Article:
Digital Archives

Internet Archive

One of the most fascinating things about the Internet from when I first started using it twenty years ago was this sense of having the world at your fingertips. I remember downloading Mosaic for the first time and discovering this thing they called a search engine, in this case, an early version of Yahoo. Organized by categories, you could search and drill down from topic to topic.

Eventually Google supplanted Yahoo, and then conceived the project back in 2004 of digitizing every known book. I’ve used this to track down quotes to their sources (and sometimes discovered that there was no source for the quote attributed to a particular author). I’ve downloaded 19th century sermon collections available for free. I understand that in recent years, Google has slowed down these efforts. Some would contend this reflects a shift in mission to use of search data in marketing, but it also reflects the fact that they’ve digitized over 20 million books! And they’ve been hampered by some lawsuits along the way.

Another outfit that has also been digitally archiving books and an incredible array of other materials is the Internet Archive. The Internet Archive is a non-profit effort launched in 1996 in San Francisco that includes text, audio, moving pictures, software, and, significantly, archived web pages. I discovered for example that you can look at a collection of archived campaign webpages from 1996. One of the challenges of the internet is its ephemerality. Have you ever come across a weblink that no longer works or a page that no longer exists? The Internet Archive may be the place that still has a record of this. From their homepage you can use their Wayback machine to enter an old URL to see if it is in their archives.

One of the other standout features of Internet Archive for the computer geek is old software from MS-DOS games to VisiCalc for the Apple II. They even have an emulator that allows you to play the games in your browser. Yes, you can play Oregon Trail again!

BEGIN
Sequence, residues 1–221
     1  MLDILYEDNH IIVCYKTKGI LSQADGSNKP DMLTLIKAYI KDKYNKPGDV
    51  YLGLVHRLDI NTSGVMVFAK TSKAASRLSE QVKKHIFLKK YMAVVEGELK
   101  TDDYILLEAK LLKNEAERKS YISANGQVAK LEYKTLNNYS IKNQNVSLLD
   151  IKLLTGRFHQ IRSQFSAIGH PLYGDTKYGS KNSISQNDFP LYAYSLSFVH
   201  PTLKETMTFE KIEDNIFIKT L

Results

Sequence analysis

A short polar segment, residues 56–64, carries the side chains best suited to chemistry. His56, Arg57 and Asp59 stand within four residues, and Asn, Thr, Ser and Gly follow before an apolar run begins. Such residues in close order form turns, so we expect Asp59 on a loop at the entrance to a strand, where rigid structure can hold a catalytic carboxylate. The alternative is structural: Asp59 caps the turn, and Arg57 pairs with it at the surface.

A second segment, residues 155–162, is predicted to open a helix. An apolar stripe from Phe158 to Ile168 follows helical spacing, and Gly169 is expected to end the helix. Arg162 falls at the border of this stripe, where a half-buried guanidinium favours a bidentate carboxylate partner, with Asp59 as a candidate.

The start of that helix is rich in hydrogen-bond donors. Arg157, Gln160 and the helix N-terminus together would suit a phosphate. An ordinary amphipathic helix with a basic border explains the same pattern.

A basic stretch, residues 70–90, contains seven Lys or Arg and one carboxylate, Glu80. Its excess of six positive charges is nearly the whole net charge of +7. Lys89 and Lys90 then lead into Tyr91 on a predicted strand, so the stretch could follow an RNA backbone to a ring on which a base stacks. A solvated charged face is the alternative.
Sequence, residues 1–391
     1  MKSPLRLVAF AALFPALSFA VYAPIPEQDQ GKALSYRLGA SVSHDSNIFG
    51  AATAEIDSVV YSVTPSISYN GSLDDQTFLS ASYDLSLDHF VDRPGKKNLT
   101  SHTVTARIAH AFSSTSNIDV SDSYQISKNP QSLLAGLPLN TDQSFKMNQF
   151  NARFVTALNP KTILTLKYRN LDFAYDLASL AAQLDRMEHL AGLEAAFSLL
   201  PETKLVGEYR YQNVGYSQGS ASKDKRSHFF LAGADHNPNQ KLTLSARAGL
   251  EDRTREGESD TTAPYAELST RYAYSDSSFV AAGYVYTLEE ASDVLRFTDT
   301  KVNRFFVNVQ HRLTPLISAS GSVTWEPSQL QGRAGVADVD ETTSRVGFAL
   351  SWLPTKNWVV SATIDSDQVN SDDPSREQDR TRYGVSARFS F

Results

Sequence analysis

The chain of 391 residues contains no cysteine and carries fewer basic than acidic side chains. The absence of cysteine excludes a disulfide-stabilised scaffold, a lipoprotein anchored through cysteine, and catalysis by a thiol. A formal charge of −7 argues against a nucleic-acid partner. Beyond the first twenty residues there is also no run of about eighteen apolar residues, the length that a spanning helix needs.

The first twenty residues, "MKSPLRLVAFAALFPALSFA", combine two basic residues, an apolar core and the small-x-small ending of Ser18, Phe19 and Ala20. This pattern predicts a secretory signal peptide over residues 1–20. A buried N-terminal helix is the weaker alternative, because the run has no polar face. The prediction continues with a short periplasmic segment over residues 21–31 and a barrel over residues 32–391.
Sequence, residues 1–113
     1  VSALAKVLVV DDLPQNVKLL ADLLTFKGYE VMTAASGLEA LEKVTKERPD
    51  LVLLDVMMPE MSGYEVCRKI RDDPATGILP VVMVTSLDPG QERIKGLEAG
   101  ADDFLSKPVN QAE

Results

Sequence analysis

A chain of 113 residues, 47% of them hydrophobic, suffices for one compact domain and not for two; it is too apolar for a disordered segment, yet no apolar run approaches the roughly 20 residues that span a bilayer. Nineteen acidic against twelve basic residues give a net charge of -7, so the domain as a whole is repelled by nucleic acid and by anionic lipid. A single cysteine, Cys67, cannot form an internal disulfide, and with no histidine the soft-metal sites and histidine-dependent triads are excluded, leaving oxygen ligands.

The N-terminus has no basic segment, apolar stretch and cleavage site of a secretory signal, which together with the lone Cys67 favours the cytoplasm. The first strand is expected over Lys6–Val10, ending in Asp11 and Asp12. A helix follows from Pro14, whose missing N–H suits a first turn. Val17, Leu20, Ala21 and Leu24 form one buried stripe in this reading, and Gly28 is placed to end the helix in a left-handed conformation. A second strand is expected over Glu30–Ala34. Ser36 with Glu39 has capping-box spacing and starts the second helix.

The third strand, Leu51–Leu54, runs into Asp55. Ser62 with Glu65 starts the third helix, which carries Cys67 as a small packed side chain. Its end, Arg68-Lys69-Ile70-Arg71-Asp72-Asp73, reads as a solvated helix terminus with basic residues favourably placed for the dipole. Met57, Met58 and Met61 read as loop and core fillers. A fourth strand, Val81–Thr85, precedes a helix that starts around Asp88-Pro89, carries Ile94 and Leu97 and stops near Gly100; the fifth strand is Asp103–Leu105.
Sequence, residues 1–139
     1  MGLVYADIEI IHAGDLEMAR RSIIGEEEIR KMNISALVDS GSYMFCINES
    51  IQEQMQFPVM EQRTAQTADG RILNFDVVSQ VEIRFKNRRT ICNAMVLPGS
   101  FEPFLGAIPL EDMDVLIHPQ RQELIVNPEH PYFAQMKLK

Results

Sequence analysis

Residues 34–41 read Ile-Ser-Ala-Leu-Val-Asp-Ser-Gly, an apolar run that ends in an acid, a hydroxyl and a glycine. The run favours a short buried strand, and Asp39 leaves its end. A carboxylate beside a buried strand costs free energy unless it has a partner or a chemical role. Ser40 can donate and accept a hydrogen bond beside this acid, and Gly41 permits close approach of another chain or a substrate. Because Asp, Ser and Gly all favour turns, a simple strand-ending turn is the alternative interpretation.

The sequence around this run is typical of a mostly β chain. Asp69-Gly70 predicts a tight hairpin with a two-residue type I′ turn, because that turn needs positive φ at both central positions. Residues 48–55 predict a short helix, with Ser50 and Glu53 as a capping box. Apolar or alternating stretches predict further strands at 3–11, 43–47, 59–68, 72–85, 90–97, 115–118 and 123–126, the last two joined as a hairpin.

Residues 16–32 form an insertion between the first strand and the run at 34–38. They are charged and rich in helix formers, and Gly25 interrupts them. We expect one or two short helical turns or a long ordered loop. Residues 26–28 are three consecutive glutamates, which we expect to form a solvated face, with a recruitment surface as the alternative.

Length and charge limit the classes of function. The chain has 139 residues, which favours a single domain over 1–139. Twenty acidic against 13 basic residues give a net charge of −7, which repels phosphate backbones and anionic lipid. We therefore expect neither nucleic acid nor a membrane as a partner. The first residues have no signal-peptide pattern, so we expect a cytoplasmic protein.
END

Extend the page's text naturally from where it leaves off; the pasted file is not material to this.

One writer described the Internet Archive as “a chaotic, beautiful mess”. Indeed, among other places you can go from their home page is a free audiobook collection, a Grateful Dead collection, the Biodiversity Heritage Library, The Iraq War Collection, The Portuguese Web archive, and that collection of MS-DOS software!

The question of course, is whether you can find what you are looking for. My sense is that Google’s search algorithms are better for getting you in the neighborhood of what you are looking for. But the Internet archive is just a fun place to snoop around, and you can do it from your own home.

It occurs to me that one of the big questions around the future of libraries and archives is both how to preserve materials in physical form and also to continue to preserve digitized materials including media that only ever had a digital format, especially because of the weird paradox that digital materials often degrade far faster than the printed page. It makes me wonder if a journal on my daily doings will last longer than my social media presence on Facebook’s servers–of course, who is going to want to study either?

At any rate, exploring all this reminded me that librarians and archivists to day face very different challenges in preserving not only printed primary source materials but the digital record of our society. It will be an interesting task to figure out what is important enough to safe and what is just ephemera!

4 thoughts on “Digital Archives

  1. Archiving digital materials is definitely a huge challenge. I would argue that what we think of as ephemera could be just as valuable to future historians as what we think of as “important” material. Also, I have read many printed primary sources on both Google Books and the Internet Archive for my dissertation. My dissertation research would have been much, much more challenging were it not for the amazing resources that they offer for free.

  2. Thanks for this column, Bob. War and the destruction of historical artifacts are additional reasons to archive books digitally. Do you know of the Hill Museum and Manuscript Library at St John’s University in Collegeville, Minnesota? Here is a link to their website where you can watch a video clip about their involvement in digital archiving of books. St John’s is also the home of the St John’s Bible.

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